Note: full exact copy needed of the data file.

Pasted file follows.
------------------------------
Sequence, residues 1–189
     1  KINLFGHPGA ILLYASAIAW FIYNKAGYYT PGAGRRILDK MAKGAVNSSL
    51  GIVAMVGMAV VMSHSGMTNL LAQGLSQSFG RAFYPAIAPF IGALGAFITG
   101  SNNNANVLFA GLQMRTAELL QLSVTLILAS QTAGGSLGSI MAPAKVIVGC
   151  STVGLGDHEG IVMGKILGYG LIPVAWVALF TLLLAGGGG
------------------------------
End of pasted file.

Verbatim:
Sequence, residues 1–189
     1  KINLFGHPGA ILLYASAIAW FIYNKAGYYT PGAGRRILDK MAKGAVNSSL
    51  GIVAMVGMAV VMSHSGMTNL LAQGLSQSFG RAFYPAIAPF IGALGAFITG
   101  SNNNANVLFA GLQMRTAELL QLSVTLILAS QTAGGSLGSI MAPAKVIVGC
   151  STVGLGDHEG IVMGKILGYG LIPVAWVALF TLLLAGGGG